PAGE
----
His sons lowered him on ropes into a hole pick-axed into the frozen mud of the Creel graveyard. A great-grandnephew employed at a U.S. auto assembly plant in Juarez notified me via email. That same week, another drug massacre wracked the city. Fifteen people, mostly school kids, were shot dead at a house party by killers unknown, for reasons unreckoned. Another victim in a nearby state had his face cut off and stitched to a soccer ball. And so the blood rises in the soil. The great-grandnephew concluded his note: “We are OK — I think.”
Leaving Don Beni’s deathbed, it was hard to tell whether I was moving through an unknowable new Mexico or merely traversing some recycled version of its wild frontier. Certain American analysts have taken to warning that Mexico risks collapsing into a "failed state" if the drug mayhem continues. Such dire predictions ignore history, and the fact that criminal states are among the most durable polities in the world. Mexico, I suspect, will outlast us all. And, in any case, any place that produces Benito Parras isn’t to be loathed.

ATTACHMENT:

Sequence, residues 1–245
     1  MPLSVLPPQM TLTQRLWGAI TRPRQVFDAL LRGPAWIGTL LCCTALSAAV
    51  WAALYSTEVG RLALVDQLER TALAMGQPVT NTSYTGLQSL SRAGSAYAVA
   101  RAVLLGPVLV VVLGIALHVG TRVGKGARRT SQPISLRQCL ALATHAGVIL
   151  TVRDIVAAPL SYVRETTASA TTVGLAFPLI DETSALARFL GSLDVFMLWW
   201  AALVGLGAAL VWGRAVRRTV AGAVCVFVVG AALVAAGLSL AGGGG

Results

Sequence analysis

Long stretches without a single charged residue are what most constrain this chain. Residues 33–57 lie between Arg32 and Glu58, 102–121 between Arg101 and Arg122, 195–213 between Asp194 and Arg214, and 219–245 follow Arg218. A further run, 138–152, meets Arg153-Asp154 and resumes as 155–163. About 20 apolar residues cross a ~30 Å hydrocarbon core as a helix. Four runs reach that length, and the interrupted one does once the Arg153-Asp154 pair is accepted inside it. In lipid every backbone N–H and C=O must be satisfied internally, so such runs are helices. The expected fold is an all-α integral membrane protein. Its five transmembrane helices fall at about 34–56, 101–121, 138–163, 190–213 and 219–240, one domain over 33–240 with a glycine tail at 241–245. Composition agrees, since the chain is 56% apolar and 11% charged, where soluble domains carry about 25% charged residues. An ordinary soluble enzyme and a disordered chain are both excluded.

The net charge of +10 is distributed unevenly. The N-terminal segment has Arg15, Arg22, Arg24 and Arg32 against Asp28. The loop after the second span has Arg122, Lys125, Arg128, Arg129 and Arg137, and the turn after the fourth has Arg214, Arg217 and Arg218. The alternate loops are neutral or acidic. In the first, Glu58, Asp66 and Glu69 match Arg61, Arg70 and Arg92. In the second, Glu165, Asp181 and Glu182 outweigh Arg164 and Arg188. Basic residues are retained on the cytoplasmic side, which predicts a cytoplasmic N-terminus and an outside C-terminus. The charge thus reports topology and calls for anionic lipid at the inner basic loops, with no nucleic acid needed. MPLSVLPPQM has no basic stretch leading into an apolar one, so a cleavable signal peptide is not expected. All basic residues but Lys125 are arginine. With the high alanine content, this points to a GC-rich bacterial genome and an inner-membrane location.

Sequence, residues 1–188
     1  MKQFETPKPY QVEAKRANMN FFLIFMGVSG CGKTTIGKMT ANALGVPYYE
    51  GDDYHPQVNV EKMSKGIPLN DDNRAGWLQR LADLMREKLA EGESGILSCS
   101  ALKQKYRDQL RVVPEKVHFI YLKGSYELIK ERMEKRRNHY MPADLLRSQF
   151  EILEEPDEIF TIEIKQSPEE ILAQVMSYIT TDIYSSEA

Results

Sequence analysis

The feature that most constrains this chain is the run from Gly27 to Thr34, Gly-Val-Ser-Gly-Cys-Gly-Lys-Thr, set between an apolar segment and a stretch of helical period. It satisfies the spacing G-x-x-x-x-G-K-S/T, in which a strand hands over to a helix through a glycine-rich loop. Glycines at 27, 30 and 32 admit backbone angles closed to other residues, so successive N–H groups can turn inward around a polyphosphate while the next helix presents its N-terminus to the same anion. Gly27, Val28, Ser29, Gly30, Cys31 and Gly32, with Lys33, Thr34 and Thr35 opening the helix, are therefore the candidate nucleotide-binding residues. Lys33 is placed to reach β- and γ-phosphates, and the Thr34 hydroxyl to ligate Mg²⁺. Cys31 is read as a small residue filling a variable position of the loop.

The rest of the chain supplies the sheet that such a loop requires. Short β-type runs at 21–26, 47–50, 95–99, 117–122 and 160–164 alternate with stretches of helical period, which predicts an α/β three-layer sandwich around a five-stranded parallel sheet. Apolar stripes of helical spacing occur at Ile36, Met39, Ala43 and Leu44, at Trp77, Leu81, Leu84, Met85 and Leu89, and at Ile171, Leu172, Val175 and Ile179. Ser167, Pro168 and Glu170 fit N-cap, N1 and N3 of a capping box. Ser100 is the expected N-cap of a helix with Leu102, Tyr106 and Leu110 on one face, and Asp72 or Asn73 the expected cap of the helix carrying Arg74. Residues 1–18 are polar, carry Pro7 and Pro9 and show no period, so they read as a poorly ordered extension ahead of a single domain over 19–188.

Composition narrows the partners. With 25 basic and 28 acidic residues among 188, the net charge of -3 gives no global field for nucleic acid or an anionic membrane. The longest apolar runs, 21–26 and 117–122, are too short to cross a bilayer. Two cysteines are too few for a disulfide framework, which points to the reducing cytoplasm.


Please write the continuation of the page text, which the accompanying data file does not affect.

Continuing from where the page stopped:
I will never forget the drive out of the sierra.
Down from the pines at 7,000 feet, the mountains opened themselves up as landscapes sometimes do when you abandon them. Dry grasslands shined in the foothill valleys like bronze mirrors. Storm clouds scraped the continental divide, where snow had fallen the night before. The white ridgelines of the sierra receded southward in a succession of paling cardiograms. There were horsemen everywhere. They clopped through rawboned towns. They galloped and clowned across corn stubble. A pair of cowboys barreled down the highway embankment, driving slat-ribbed cows with popping ropes. Never had I seen so many. They were flawed men, I imagined. Some were weak men. A few, perhaps, were even violent men. But each was perfect in his moment.
Paul Salopek is a writer based mostly in Africa. He is working on a book about wandering. The profile photo of Salopek was taken by Sterling Trantham.